Round 3 match-ups are just about set. Before we look at some of those, what happened in R2?
Looking at the favorites, Djokovic and Nadal advanced easily; in fact, the Spaniard isn’t breaking a sweat. This was the case last year, as well, when his form (confidence) was suspect, so we shouldn’t read too much into this other than he’s on his favorite clay beating guys he should beat.
Murray followed-up his Stepanek marathon with another 5-set marathon v Frenchman Mathias Bourge, a wild card. I tuned-in with Bourge up 2 sets to 1. The fifth set was a bit dramatic as the wild card gave us everything he had to hang-on.
The most troubling point here, other than Murray fans must be a bit concerned with his difficulty to get by these early-round underdogs, is that this was Bourge’s second five set match and therefore the longest match of his career; he advanced in straight sets R1. In other words, he had no business pushing Murray like this. Carillo and Anacone had a field day with some of this trivia. At one of the change-overs, the kid awkwardly asked the chair if someone could bring him a Coke and a Mars bar. Good going, Andy.
Along the same lines, Stan doesn’t look very good. Sure he advanced into 3R in straight sets (improving upon his R1 5-setter), but he looks disinterested. the eighth game of the third set was bizarre. The Japanese kid, Daniel, is serving 4-3, up a break. Stan pretty much has to break here to avoid going to a fourth set. He limps his way to the break, failing on several BP, literally showing very little urgency or consistency. The outcome didn’t seem to matter to him at all.
I guess we could spin this a couple of ways. It looked bad. Or Stan looked stress-free. This did not have the look of Andy wearing himself out in a 5-setter, talking to himself, screaming, etc. Stan advanced, but he didn’t seem worried much at all. I feel like he needs to start picking-up the tennis a bit. At the same time, despite the inconsistency, one has to assume Daniel was playing his ass off just to hang around as Stan’s heavy ball was certainly apparent in their various exchanges.
To be clear, Andy and Stan need to tighten-up their execution, but I will suspend some of my concern for Stan – wait see how he fairs in the next match. Andy, however, looks vulnerable.
Other R2 highlights: Kyrgios wins easily, as do Verdasco, Kei and Gasquet. That, my friends, is a fun little 4 top. Verdasco v Nishikori and Kyrgios v Gasquet, the winners to face-off in R4, will add intrigue to that bottom quarter, the survivor playing the Isner v Murray winner in that QF. A lot of talent there. Does Nishikori continue to build his clay résumé? Does Kyrgios start a run right here in R3 and beat the professional tennis of Gasquet and come into the Nishikori match beaming with confidence? Or does Gasquet end that run? Maybe Fernando shocks the draw. I would like to see Kei v Nick.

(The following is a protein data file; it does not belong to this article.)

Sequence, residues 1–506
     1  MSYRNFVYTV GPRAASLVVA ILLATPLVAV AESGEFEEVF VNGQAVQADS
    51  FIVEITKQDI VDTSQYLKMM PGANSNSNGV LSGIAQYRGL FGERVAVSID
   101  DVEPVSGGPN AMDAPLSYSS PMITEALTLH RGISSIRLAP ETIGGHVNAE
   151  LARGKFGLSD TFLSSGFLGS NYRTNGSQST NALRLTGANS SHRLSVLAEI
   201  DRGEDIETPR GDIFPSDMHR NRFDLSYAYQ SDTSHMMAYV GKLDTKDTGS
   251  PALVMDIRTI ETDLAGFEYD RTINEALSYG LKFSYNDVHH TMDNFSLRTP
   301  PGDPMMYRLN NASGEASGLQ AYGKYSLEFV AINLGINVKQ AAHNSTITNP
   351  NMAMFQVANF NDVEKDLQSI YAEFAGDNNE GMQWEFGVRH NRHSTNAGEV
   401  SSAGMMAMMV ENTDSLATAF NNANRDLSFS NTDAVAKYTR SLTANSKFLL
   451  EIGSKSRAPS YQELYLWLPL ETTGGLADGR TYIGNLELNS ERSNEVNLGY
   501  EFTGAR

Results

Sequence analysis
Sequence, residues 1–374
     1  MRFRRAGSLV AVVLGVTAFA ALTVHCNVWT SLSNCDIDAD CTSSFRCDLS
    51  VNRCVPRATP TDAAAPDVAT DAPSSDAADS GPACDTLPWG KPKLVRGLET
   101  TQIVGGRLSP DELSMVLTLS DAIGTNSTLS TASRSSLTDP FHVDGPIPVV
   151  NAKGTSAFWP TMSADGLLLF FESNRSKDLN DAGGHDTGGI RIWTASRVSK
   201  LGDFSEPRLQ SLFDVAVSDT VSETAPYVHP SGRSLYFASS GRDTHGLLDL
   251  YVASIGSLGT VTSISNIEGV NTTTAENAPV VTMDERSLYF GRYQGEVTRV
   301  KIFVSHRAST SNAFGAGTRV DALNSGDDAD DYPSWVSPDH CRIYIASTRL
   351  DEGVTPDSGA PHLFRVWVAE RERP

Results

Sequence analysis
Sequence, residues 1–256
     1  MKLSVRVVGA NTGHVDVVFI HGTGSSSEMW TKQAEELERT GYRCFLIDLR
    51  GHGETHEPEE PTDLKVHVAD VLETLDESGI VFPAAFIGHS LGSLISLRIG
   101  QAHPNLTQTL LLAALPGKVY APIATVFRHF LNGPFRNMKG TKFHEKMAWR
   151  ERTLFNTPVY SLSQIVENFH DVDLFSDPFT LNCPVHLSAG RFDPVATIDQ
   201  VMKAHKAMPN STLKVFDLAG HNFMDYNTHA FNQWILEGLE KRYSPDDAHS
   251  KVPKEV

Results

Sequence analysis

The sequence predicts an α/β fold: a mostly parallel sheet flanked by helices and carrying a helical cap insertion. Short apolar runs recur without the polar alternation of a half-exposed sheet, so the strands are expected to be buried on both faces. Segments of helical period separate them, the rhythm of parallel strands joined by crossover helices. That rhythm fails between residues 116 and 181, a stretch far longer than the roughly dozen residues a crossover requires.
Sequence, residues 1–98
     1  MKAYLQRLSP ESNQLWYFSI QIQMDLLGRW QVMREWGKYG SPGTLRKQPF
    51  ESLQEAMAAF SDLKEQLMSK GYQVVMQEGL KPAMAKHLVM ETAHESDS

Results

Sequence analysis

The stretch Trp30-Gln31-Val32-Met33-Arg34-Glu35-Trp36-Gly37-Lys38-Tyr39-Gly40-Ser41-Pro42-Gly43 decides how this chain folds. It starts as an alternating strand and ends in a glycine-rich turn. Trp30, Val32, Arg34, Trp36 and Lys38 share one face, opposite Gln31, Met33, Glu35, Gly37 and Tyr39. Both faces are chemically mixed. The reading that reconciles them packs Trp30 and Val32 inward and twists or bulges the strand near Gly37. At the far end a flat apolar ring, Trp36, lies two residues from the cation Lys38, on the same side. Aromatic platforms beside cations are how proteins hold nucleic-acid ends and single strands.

Murray should be fine though Isner hopefully advances and makes the Scot work. This is a good test, obviously, for Murray. He certainly doesn’t look good and his behavior on-court is starting to crack a bit. He has a lot more work to do, for sure. Actually, beating Karlovic (I assume) is a nice warm-up for Isner. Andy needs to get through to that QF in much better fashion than he’s shown thus far.
Let’s assume Stan gets by Chardy and then he has Simon (who barely survived Pella, a guy who plays some gritty tennis) – he should advance to his QF. These are tougher tests, so let’s say 3 to 4 set victories should set-up the Swiss for a deep run. But who knows.
The other half of that third quarter has the likes of Sock and Ranoic. Stan should survive all of this, but, again, who knows. On paper, Stan, in form, should arrive at the SF awaiting a beat-up Murray et al. That bottom quarter is a monster.
In the top half, we should be on schedule for the grand Novak v Rafa SF. But some interesting R3 match-ups include another Thiem v Zverev. If Thiem gets through in straights, that R4 Thiem v Nadal could be delicious. Thiem beat Zverev in 3 at Nice, but bageled the German in the third. If he struggles with Zverev, not a good sign, imho.
Nadal looks good destroying his veteran countryman, Granollers. All eyes on Thiem in R3 in anticipation of the Spaniard and Austrian R4 tilt.
The bottom part of that quarter has actually a bit of interest: Gulbis v Tsonga and Goffin v Almagro. There is talent there. I have been championing Gulbis for a while, but his 2015-16 is pretty piss-poor. However, he has a FO SF appearance (2014). This guy’s awkward style can impose on other players. If he beats Tsonga, he could be fun to watch.
At the top in Djokovic’s quarter, he might have some competition in 4R vs. Agut and then his QF is shaping-up to see Berdych, Cuevas or Ferrer (if the Spaniard finishes against Monaco). He has a cupcake draw on paper.
In sum, the bottom half is wide-open due to Stan and Andy’s less than stellar form along with a few dark horse threats that linger (Raonic, Nishikori, Kyrgios, Gasquet, etc.).
The top half is on schedule, but I see the Tsonga v Gulbis as having some interest along with the Thiem v Nadal if Thiem takes care of business in 3R.